Tuesday, 1 December 2009

Welsh Devolution

It all seems so simple: Wales (similarly to what Scotland has) will get primary law making powers if the country votes yes in a referendum to be held sometime in the future.

Betsan's Blog on the BBC website contains daily udates on the Welsh political scene and of course much discussion on devolution.

While there's is much debate from the usual suspects (generally from people who are rabidly against devolution but have no idea why) about the Welsh Assembly and whether Wales should take responsibility for its own affairs instead of it being dictated by someone in Westminster (what was it, over 1000 quangos under previous administrations and none of them accountable to the Welsh electorate?), there is absolutely no discussion about why Westminster put all these restrictions on Welsh self-determination.

For example, the current discussion about what would happen after a referendum and in what areas Wales would take full responsibility reveals that the piecemeal approach by Westminster shows a bizarre degree of arrogance to Wales - but not Scotland nor Northern Ireland? Ironically it is England that actually suffers from a lack of transparency and democracy in this case.

So some questions:

  • Why didn't Wales get primary law and tax varying powers?
  • Why can't Wales get primary law and tax varying powers?

One answer is "history" and that the current system is "working" . Let's tackle the latter point first in terms of "working" ... should we go back to the situation where the decisions directly affecting the Welsh electorate are not made in Wales but by a group of politicians sitting in London, the vast majority of which do not have any interest in Wales at all?  This is effectively the West Lothian Question by applied to Wales. Secondly where in history do you wish to base your defintion of the "correct" time ... pre 1066?, 1535-1542? 1979? 1997? Why not use the Laws of of Hywel Dda?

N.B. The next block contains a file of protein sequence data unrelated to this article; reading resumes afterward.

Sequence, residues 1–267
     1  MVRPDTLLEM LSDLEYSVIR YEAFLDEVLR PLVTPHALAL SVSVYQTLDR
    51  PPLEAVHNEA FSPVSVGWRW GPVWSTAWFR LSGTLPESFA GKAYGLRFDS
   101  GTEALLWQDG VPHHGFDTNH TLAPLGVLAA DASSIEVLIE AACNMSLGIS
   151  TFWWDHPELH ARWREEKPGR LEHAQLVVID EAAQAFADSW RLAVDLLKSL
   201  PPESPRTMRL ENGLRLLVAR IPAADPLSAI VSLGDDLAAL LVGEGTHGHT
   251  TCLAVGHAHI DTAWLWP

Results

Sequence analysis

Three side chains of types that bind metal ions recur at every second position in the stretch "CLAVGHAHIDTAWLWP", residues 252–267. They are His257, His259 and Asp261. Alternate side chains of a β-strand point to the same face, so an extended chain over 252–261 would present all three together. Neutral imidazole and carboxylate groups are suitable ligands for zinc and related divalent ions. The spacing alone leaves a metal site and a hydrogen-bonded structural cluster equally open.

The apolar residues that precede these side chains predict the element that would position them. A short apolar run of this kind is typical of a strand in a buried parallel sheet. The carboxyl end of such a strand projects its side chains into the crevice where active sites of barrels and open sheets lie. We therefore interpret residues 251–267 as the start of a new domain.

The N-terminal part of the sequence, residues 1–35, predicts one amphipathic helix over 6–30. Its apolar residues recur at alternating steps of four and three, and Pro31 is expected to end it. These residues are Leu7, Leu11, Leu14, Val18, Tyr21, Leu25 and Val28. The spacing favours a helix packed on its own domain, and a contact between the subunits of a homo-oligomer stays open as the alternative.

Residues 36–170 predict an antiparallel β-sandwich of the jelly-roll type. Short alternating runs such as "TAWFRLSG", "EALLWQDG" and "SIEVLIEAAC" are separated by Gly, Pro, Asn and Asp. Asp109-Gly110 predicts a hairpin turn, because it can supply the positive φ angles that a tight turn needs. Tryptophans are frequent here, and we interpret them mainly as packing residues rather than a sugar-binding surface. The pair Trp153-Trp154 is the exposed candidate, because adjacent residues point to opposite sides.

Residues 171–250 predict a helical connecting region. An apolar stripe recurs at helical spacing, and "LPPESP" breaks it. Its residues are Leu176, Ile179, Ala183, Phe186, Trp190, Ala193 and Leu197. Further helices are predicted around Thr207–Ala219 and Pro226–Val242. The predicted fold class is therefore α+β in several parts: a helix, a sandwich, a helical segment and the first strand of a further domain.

But also as answers to the two above questions, the amount of tax payers money (in the UK as a whole) now being spent on managing a bizzarely, complicated LCO process for allowing Wales to even manage things such as the Welsh language is obscene (a link to this particular LCO is here). This of course produces another question as to why Wales didn't get responsibility for the laws relating to a language spoken inside her borders in the first place?  Why the utter arbitaryness of the whole process in the first place?

To answer the question of whether Wales needs these powers is quite simple, the smaller and more focussed government is the more relevant it is for the people. If Wales shouldn't have more devolution then why should Scotland or Northern Ireland, or even England? But this brings up another bogey term - federalism - which is banded around the UK press and uttered with the same contempt as the EU - but seems to work in Germany, Spain, Switzerland etc...not too dissimilar countries from the UK?

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